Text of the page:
Things To Do
Spectacular wilderness adventure is easy to find at Lake Clark National Park and Preserve. Figuring out what you want your adventure to be is the first step on your journey to the park. Knowing the highlights available in different areas of the park will help you use the outdoor activities section and the links to your left to further explore your options.
K. Jalone/NPS photo
Cook Inlet Coast
The park's coastline is across Cook Inlet from the Kenai Peninsula and the communities of Homer, Kenai, and Soldatna. The coastal meadows and streams have world-class Alaska brown bear viewing and fishing.
Visit Chinitna Bay.
Lake Clark is centrally located in the park. This spectacular fifty-mile long lake offers fishing and kayaking. The private community of Port Alsworth sits on the southern shore of the lake. Port Alsworth offers visitor services such as lodging, air taxis, guide services, and kayak rentals. The Tanalian Trails network begins in town. Day hikers can chose between hikes to Tanalian Falls, Kontrashibuna Lake, and the summit of Tanalian Mountain. A small park visitor center in Port Alsworth has displays, films of the park and rangers who can help you plan your trip.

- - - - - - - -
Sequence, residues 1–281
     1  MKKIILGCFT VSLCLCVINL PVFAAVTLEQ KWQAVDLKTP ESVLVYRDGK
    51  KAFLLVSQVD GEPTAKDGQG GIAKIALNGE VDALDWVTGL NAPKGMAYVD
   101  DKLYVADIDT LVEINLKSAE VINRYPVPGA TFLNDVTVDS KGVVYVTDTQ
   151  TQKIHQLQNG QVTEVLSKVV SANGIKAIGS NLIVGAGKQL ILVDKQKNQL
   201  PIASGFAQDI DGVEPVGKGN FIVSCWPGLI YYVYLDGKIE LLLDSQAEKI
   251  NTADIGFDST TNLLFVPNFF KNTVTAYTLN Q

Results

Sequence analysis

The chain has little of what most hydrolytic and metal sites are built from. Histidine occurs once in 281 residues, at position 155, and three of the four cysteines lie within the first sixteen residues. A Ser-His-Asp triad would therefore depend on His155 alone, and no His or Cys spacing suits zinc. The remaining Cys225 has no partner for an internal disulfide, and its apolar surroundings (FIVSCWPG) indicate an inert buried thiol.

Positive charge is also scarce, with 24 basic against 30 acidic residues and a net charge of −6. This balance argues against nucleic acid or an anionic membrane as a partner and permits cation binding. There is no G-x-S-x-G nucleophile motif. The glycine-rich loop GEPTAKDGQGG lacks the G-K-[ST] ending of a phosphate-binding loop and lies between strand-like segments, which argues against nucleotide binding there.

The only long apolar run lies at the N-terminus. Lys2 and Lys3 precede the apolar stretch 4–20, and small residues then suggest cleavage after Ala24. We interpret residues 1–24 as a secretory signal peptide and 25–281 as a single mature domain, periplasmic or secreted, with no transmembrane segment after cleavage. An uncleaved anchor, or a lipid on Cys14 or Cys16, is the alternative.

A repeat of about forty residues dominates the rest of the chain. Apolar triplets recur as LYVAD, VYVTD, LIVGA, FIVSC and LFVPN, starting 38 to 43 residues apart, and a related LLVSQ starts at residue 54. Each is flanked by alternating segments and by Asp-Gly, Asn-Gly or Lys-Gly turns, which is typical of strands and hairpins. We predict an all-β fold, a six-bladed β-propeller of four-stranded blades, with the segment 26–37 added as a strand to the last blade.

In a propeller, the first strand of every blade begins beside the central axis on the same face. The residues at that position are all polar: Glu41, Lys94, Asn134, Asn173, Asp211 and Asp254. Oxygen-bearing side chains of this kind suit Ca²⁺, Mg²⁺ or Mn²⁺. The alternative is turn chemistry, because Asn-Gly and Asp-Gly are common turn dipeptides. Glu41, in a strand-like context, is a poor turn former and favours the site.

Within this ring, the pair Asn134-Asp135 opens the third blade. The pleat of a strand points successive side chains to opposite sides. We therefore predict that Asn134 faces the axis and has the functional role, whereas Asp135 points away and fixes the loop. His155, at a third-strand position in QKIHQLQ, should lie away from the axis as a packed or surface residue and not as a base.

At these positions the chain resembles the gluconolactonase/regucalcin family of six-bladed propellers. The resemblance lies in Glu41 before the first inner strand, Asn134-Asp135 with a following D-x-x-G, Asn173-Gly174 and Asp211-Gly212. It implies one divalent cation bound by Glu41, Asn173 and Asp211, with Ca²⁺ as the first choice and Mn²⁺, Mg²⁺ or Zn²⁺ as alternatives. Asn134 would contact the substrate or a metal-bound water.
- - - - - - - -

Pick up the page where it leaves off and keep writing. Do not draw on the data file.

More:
K. Miller/NPS Photo
North and south of Lake Clark stunning iridescent and turquoise blue lakes stud the connection between the tundra and the Chigmit Mountains. Base camping, backpacking, and hiking options abound. The famed historic Proenneke cabin is located on upper Twin Lake north of Lake Clark.
K. Miller/NPS Photo
Chigmit Mountains and Volcanoes
Running north south through the center of the park tower the craggy Chigmit Moutains and Redoubt and Illiamna Volcanoes. Mountaineers will find both challenge and solitude. Flight-seeing through the mountains is available from air taxis along the Kenai Peninsula and in Port Alsworth.
Did You Know?
The glaciers of the last ice age retreated from Lake Clark National Park and Preserve 14,000 years ago, and the earliest archeological evidence of people in the park is about 10,000 years old.